Eucharistic Revival: The Person of Jesus Made Present
But they urged him strongly, saying, “Stay with us, because it is almost evening, and the day is now nearly over.” So he went in to stay with them (Lk. 24:29).
The two disciples’ request for Jesus to remain with them when they arrived at Emmaus was the theme of Pope St. John Paul II’s 2004 Apostolic Letter, Mane Nobiscum Domine, “Stay With Us Lord.” Expressing the Holy Father’s desire that the faithful deepen their encounter with Christ in the Eucharist, it was the foundational document for The Year of the Eucharist, October 2004 to October 2005.
Now, the Church’s three year National Eucharistic Revival offers the faithful of today the opportunity to reflect upon and deepen our personal relationship with Jesus Christ in the Eucharist. Such a relationship can only emerge from a genuine desire for an intimate encounter with a Person, the One who is Love (1 Jn. 4:8). As with every relationship, desire for the other person’s company develops over time, but must also be nurtured by remaining in the Presence of the One we love.
My own experience of the Lord’s Presence came after reflecting for hours on the phrase: The Real Presence. These words, which describe the essence of the Eucharist, are best understood independently.
As a young adult, I readily accepted that the consecrated host contained our Lord’s Body, Blood, soul and divinity; He is Real. But only after years of attending Sunday and daily Mass and spending hours in Adoration, did I recognize the Person of Jesus Christ as fully Present in that same host.
The Eucharist is not merely a portion of our Lord’s body made available for our spiritual nourishment. It is truly the man—flesh, mind and heart of the Son of God. As Pope Benedict XVI wrote in his Encyclical Letter, Deus Caritas Est (God is Love), our Christian faith is “the encounter with a person.” In the Eucharist we come in contact with a whole person—a living, loving being.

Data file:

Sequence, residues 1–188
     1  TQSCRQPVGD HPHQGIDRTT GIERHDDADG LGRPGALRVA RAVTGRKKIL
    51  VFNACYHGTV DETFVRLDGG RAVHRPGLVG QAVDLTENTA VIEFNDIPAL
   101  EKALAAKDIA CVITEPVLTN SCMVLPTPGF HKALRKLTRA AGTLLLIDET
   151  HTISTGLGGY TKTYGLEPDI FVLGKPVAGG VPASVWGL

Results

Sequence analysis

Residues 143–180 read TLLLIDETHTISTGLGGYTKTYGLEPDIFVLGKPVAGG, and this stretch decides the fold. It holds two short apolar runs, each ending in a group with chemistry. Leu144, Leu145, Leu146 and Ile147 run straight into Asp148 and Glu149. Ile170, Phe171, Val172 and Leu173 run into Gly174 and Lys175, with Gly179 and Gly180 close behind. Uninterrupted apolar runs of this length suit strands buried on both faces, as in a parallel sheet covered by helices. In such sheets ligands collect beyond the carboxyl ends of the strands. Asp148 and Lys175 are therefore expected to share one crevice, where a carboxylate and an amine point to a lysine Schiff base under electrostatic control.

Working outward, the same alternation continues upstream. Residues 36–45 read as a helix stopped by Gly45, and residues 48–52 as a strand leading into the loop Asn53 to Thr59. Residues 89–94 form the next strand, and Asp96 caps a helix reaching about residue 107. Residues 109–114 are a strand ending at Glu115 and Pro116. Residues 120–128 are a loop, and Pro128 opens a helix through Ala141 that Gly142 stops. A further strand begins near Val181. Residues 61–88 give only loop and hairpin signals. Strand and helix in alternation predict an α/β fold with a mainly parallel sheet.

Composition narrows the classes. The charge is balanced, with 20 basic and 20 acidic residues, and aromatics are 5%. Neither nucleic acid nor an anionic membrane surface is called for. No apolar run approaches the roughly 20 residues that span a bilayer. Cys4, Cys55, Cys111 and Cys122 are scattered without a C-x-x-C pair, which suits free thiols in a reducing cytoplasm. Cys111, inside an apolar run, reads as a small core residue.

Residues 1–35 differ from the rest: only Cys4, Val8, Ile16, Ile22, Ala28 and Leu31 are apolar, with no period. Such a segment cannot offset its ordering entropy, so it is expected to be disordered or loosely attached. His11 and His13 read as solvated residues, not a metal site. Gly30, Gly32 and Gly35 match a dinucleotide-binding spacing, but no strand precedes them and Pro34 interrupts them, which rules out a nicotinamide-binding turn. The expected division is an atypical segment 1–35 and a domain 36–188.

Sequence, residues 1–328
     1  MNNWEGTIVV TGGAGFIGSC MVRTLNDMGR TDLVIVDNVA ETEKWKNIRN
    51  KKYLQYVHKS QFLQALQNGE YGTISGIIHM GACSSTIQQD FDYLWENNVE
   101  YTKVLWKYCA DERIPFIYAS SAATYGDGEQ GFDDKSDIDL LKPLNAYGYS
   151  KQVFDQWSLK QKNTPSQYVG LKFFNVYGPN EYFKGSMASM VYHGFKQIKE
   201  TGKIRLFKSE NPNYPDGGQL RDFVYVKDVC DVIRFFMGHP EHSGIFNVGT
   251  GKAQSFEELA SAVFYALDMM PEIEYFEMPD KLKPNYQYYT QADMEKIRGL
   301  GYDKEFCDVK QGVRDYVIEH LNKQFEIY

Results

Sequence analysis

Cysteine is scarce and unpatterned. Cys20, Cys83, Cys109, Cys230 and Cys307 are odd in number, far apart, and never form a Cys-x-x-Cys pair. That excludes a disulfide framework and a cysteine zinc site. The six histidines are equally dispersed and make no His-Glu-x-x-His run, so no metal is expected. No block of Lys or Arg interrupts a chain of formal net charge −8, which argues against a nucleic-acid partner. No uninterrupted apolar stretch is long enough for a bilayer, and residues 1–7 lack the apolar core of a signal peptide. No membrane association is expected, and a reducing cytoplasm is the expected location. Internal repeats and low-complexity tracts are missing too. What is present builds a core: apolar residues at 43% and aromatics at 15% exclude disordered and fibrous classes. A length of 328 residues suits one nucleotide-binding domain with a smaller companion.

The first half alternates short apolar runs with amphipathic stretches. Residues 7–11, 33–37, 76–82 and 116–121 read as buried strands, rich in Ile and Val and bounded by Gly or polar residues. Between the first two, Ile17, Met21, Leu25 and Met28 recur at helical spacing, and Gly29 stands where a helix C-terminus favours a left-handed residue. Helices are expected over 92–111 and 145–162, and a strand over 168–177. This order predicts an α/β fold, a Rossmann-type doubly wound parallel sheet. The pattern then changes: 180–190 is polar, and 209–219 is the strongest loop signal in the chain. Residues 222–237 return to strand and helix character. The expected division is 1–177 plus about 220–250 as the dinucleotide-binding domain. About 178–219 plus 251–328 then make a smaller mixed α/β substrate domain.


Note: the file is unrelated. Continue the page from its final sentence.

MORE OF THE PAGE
In our Dayton St. Vincent de Paul Homeless Shelter chapel, many of our guests seek this encounter in silence and solitude during weekday Hours of Eucharistic Adoration. They don’t worry about what to say or do in His Presence. Instead, as St. John of the Cross counsels, they let Christ become the center of attention.
What we need most in order to make progress is to be silent before this great God, with our appetite and with our tongue, for the language He best hears is silent love (Sayings of Light and Love, 132).
And then, for the Eucharist to achieve its desired effect, we must learn to abandon ourselves to this Presence and allow the Lord to fully transform us into the model of the Image in which we were created.
In his Apostolic Exhortation, Sacramentum Caritatis (Sacrament of Charity), Pope Benedict XVI pointed out both the way we must travel and the final destination of our encounter with Christ in the Eucharist.
“This is … the way in which the truth of God’s love in Christ encounters us, attracts us, and delights us, enabling us to emerge from ourselves and drawing us toward our true vocation, which is love.” To fulfill our vocation, we ourselves must stay with the Lord.
Let this be our prayer: We yearn for a relationship with You, Lord. We cry out from our hearts; Lord, do not leave us; remain with us, remain in us, let us remain in you, until you transform us into Love itself.
And we find our Hope in the Lord’s own response to our desire to have Him stay with us: I am with you always, to the end of the age (Mt. 28:20).
This article appeared in the April 2023 edition of The Catholic Telegraph Magazine. For your complimentary subscription, click here.